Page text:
Philharmonia/Von Dohnányi; St David's Hall, Cardiff

10.20.09
Yefim Bronfman
Guardian (UK)

By Rian Evans

Christoph von Dohnányi was 80 in September, and he is celebrating with the Philharmonia – which, last season, made him honorary conductor for life. A quaint title, perhaps, but not without resonance for a man whose family history is so remarkable. His father, Hans, and his mother's brother, Dietrich Bonhoeffer, were executed by the Nazis in 1945 for their part in plotting against Hitler; and his grandfather was the composer Ernst von Dohnányi, who knew Brahms and Bartók. The Brahms connection gives the focus for the celebrations: Paris gets the cycle of symphonies over two nights, while this concert – like Thursday's at the Festival Hall – paired the Third Symphony with the Second Piano Concerto.

In Von Dohnányi's conducting – never remotely showy – it is the clarity of his approach and his inclination to underline the natural democracy of Brahms's orchestral writing that is absorbing. A restrained but highly atmospheric Mendelssohn's Hebrides overture was a pointer to this concern for capturing the timbre and finesse of the early Romantic colour palette, even in mature Brahms. It made the major-minor ambiguity of the symphony all the more carefully poised. The heroism sometimes perceived in this score was clearly less important to Von Dohnányi than the integrity of the musical argument, right through to the warm conviction in the return of the opening theme in the final bars.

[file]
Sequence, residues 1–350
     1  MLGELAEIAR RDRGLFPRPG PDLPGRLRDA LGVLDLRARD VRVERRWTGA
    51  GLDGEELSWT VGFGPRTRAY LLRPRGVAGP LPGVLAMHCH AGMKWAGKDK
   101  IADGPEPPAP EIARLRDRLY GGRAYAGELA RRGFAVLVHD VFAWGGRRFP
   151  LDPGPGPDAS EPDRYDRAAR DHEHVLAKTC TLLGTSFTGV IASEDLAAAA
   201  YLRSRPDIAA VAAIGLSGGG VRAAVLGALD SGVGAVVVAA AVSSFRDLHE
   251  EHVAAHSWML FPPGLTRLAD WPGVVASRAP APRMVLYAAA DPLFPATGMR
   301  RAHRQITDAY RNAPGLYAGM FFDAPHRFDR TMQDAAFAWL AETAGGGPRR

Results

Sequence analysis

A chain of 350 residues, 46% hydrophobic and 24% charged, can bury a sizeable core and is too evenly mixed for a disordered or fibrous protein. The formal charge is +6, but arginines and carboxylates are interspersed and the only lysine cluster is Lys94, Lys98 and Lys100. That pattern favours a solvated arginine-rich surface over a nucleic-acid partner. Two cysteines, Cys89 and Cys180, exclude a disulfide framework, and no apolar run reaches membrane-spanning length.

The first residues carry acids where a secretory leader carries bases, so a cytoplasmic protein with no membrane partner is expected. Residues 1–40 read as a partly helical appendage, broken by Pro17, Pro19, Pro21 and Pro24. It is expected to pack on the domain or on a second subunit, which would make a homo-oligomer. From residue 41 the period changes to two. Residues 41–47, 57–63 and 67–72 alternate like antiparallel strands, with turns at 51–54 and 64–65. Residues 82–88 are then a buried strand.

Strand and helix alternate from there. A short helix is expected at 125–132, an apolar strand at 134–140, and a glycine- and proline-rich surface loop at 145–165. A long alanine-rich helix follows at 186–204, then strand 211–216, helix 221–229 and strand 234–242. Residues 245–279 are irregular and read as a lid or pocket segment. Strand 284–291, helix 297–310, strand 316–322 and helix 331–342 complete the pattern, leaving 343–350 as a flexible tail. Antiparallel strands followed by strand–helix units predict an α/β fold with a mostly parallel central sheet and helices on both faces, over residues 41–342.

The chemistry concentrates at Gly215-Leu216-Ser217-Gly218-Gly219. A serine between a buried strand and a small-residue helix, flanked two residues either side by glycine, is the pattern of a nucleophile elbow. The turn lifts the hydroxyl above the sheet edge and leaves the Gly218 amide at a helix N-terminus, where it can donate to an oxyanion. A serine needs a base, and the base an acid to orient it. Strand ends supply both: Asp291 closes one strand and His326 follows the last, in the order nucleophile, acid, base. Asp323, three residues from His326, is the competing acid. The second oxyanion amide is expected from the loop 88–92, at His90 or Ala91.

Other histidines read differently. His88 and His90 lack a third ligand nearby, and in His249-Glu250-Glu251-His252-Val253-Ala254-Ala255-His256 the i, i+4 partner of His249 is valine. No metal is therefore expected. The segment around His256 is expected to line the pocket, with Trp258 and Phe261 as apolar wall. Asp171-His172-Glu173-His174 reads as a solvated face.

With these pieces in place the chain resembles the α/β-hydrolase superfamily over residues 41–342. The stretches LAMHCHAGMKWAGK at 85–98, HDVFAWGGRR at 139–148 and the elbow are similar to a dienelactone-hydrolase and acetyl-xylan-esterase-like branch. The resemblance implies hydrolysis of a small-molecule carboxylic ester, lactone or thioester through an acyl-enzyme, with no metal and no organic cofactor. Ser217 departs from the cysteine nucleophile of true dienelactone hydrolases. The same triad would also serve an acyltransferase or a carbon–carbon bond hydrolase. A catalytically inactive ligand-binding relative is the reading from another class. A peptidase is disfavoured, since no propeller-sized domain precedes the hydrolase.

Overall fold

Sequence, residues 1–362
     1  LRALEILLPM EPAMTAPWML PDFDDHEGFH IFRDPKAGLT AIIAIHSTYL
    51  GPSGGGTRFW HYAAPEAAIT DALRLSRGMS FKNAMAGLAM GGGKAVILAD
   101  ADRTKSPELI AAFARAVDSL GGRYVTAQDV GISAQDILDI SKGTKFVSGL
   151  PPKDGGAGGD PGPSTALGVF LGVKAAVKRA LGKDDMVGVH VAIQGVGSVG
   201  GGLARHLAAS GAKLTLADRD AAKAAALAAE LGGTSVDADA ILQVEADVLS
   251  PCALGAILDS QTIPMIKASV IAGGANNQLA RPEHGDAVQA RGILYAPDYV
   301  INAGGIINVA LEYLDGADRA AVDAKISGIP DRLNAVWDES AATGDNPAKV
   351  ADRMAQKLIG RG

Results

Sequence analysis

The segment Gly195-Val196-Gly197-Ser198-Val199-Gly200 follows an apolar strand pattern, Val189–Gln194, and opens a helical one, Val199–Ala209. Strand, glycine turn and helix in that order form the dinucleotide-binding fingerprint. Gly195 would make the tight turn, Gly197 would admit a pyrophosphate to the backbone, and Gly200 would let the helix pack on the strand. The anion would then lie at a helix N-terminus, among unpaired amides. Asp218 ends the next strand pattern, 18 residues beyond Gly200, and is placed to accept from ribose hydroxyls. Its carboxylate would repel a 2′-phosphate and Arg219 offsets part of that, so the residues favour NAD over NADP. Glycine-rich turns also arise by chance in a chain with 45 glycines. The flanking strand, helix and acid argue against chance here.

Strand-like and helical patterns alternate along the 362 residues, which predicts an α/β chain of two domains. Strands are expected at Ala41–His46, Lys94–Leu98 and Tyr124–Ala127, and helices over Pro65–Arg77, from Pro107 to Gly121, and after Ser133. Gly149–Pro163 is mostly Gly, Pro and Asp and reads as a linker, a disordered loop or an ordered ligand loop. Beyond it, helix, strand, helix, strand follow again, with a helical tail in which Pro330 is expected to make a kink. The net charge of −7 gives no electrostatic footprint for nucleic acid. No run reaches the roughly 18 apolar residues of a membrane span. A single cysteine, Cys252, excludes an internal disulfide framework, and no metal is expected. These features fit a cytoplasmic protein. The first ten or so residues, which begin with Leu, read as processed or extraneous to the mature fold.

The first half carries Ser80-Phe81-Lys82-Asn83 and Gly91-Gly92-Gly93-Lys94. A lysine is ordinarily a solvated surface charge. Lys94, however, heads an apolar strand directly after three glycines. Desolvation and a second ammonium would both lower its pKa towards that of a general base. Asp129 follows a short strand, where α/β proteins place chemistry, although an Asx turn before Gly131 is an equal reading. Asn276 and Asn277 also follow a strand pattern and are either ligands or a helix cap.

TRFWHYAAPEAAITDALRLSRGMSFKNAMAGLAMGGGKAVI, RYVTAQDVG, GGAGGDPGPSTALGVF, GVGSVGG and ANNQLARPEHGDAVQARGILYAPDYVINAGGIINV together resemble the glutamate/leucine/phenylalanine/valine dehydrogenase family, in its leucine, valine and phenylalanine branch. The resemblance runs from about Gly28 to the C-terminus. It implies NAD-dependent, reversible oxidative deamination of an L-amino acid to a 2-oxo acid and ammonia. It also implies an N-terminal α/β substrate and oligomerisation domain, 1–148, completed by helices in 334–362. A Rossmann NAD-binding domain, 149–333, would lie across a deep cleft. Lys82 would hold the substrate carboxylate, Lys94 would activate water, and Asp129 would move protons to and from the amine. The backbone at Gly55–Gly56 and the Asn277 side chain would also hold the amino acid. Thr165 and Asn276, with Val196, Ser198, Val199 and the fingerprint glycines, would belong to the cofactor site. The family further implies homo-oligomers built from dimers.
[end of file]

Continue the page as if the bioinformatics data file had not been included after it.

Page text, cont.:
The Philharmonia was on glowing form, and the implicit understanding with their conductor was nowhere more apparent than in the collaboration with Yefim Bronfman in the concerto. Bronfman not only had the force to vie with the orchestra at full tilt, but also a crystalline delicacy and grace. Significantly, Von Dohnányi, for all his modest demeanour, knew exactly when to impose his authority on both soloist and orchestra alike, to powerful effect.